4. Q&A: Guns in VA churches

    I have received a ton of messages about carrying in churches. Many of
    you thought it was illegal in Virginia. In general it is NOT illegal.

    The only restriction is on carrying during a meeting for religious
    purposes. So, if you are in the church when there is not a service or
    other religious meeting in progress, you can carry.

    If there is a service or other religious meeting happening, you can
    carry if you have "good and sufficient reason." The law is unclear on
    exactly what is considered a "good and sufficient reason." That
    wording should allow a pretty broad set of things that would justify
    carrying a gun.

    For me, Al Qaeda is my good and sufficient reason. The government has
    issued warnings about possible attacks by Islamic terrorists at non-
    Islamic places of worship, as well as other venues.

    And what happened in Colorado and other places in America shows that
    we live under a constant threat by the criminally insane.

    The penalty, if you are convicted of not having good and sufficient
    reason by an unreasonable judge, is a Class 4 MISDEMEANOR, which is
    the mildest of all crimes. No jail time and a maximum fine of not
    more than $250 (plus any legal fees).

    I am not a lawyer and can't give you legal advice. If you want to
    carry in church during a religious meeting, you should talk to a
    lawyer and make up your mind at that time as to whether you have "good
    and sufficient reason."

    Here is the actual code section:


    18.2-283. Carrying dangerous weapon to place of religious worship.

    If any person carry any gun, pistol, bowie knife, dagger or other
    dangerous weapon, without good and sufficient reason, to a place of
    worship while a meeting for religious purposes is being held at such
    place he shall be guilty of a Class 4 misdemeanor.

    5. Botetourt County still photographing CHP applicants?

    It is not clear if Botetourt County is still illegally photographing
    CHP applicants.

    If you live in Botetourt County, let us know if they try to photograph
    you when you or someone you know gets their first permit or renews
    their existing CHP.

    If they do try to photograph you, decline to let them do so and
    contact us immediately.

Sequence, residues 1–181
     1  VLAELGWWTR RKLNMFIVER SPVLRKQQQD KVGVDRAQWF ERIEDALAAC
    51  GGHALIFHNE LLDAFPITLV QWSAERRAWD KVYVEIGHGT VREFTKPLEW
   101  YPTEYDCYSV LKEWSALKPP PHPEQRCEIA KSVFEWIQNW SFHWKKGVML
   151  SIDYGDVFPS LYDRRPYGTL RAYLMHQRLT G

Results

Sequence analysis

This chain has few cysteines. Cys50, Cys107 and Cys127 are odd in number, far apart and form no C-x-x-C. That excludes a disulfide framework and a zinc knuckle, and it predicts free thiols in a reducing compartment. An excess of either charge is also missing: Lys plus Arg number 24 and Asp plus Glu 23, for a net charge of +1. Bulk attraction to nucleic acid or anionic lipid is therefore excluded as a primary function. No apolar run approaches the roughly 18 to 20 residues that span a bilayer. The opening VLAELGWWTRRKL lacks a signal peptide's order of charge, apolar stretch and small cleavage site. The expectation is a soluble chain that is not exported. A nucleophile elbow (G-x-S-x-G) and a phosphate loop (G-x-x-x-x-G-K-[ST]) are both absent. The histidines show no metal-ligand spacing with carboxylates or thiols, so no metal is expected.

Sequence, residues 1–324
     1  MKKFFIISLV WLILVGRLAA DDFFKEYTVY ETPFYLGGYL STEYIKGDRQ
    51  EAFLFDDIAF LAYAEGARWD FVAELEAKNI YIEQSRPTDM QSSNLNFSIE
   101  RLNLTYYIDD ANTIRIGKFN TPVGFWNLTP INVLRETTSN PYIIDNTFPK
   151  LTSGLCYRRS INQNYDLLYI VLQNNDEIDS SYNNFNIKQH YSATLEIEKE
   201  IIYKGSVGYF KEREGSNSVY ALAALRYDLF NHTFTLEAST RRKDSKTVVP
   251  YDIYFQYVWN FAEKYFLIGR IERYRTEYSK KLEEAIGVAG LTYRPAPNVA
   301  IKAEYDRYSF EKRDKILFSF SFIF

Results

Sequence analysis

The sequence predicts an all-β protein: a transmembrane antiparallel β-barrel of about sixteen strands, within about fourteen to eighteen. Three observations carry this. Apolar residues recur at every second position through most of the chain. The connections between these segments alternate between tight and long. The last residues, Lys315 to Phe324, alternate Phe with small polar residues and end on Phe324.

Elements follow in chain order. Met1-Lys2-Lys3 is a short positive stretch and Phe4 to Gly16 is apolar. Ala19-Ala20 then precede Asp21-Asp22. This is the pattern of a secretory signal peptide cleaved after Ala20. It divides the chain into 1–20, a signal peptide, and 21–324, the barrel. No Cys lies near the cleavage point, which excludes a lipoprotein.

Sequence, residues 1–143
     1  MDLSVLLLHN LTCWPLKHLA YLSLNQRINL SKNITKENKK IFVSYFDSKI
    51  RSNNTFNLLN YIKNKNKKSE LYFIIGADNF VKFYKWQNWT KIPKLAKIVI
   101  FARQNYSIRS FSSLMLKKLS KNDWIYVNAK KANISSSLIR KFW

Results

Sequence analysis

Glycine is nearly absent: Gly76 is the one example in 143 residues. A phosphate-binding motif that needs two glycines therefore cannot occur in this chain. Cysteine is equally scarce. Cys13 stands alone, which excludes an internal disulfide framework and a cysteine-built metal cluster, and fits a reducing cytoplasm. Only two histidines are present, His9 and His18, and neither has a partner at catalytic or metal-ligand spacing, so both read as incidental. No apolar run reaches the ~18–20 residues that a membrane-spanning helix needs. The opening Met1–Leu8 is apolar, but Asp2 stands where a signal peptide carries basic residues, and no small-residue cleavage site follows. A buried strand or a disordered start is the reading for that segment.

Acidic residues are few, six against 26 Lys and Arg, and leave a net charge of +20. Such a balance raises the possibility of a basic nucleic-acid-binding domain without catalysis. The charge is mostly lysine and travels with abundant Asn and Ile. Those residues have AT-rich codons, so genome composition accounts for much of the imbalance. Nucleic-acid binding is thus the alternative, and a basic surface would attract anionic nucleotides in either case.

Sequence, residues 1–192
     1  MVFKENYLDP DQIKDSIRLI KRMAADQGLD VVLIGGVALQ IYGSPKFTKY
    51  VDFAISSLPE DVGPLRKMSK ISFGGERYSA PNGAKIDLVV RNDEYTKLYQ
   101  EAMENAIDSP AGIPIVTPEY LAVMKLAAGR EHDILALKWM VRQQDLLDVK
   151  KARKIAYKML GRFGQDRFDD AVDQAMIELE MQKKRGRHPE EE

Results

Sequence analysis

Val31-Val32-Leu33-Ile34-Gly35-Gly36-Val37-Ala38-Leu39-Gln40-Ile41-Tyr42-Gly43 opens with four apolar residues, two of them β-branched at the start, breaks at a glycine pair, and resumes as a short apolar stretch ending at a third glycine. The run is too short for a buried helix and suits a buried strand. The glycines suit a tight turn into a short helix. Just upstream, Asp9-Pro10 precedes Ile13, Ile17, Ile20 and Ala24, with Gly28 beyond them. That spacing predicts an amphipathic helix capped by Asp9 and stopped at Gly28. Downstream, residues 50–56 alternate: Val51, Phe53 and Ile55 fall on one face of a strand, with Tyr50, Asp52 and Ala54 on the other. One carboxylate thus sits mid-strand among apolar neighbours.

6. Gun ban for EMS personnel lifted?
    ************************************************** (VDH home page)

    From VCDL VP Jim Snyder:


    Several weeks ago, I complained to the webmaster of a Virginia EMS
    website about their inaccurate version of 18.2-308. The webmaster said
    it'd be fixed, and now I get this email.

    I'd have to go back and make sure, but I it sounds like he's saying
    that they no longer enforce the "no guns for EMS personnel" ban they
    used to have. [PVC: I believe that to be the case, based on an email
    from December 2005, which follows.]

    [Virginia Department of Health to Jim]


    Thank you for writing and bringing to our attention the error as
    posted on our Web page. It took us a while to figure out how this
    occurred, but it was a conversion issue that has been resolved.

    As we no longer enforce the section of the regulations this pertains
    to (12 VAC 5-31-700 (6) EMS Vehicle Safety, the reference has been
    removed from our Web page. When the next generation of the EMS
    Regulations is published, the wording will be removed from the
    regulations as well.

    Again, thank you for bringing this to our attention.

    Michael D. Berg, AAS, NREMT-P
    Manager, Regulation and Compliance
    Office of Emergency Medical Services Virginia Department of Health


    From VCDL UPDATE 12-18-05, item #7:

    For those who have been on this list for a while, you might recall our
    efforts to get a repeal on a regulation that prohibited EMS personnel
    with CHPs from carrying on ambulances. On January 17th, 2003 I sent
    out an update stating that we had won.

    We did, but one part of the law was inadvertently left on the books. A
    few of our members found this recently and one contacted the Office of
    Emergency Medical Services (OEMS) about the problem.

    The member was told that the OEMS was aware of the problem and the
    regulation was NOT being enforced.

    That's good but they need to get the regulation completely off the
    books anyhow!

    Here is the email from OEMS to our member:

    From: Michael Berg
    Sent: Friday, December 16, 2005 3:59 PM
    To: xxx
    Cc: Gary Brown
    Subject: Weapons and EMS

    Dear Mr. xxx,

    As the Manager for the Regulation and Compliance Division for the
    Office of Emergency Medical Services, Mr. Brown has asked that I reply
    to your inquiry. Your question concerns the ability for EMS providers
    to be able to carry weapons during the course of their duties,
    especially while on an ambulance or responding to a request for